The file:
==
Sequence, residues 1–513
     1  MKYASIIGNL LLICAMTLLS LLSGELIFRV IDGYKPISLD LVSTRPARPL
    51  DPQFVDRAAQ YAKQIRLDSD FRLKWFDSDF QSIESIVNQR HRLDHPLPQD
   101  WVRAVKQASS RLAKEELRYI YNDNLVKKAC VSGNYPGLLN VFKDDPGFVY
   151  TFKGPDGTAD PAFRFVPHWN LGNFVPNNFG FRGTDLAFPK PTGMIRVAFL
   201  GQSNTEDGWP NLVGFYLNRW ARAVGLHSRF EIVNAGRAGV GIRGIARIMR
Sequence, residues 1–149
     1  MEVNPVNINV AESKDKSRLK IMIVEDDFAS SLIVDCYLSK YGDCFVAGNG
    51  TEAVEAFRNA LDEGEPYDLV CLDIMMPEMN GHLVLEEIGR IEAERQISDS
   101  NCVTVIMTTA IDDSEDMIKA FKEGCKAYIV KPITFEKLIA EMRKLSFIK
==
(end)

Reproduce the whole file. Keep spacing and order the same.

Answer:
Sequence, residues 1–513
     1  MKYASIIGNL LLICAMTLLS LLSGELIFRV IDGYKPISLD LVSTRPARPL
    51  DPQFVDRAAQ YAKQIRLDSD FRLKWFDSDF QSIESIVNQR HRLDHPLPQD
   101  WVRAVKQASS RLAKEELRYI YNDNLVKKAC VSGNYPGLLN VFKDDPGFVY
   151  TFKGPDGTAD PAFRFVPHWN LGNFVPNNFG FRGTDLAFPK PTGMIRVAFL
   201  GQSNTEDGWP NLVGFYLNRW ARAVGLHSRF EIVNAGRAGV GIRGIARIMR
Sequence, residues 1–149
     1  MEVNPVNINV AESKDKSRLK IMIVEDDFAS SLIVDCYLSK YGDCFVAGNG
    51  TEAVEAFRNA LDEGEPYDLV CLDIMMPEMN GHLVLEEIGR IEAERQISDS
   101  NCVTVIMTTA IDDSEDMIKA FKEGCKAYIV KPITFEKLIA EMRKLSFIK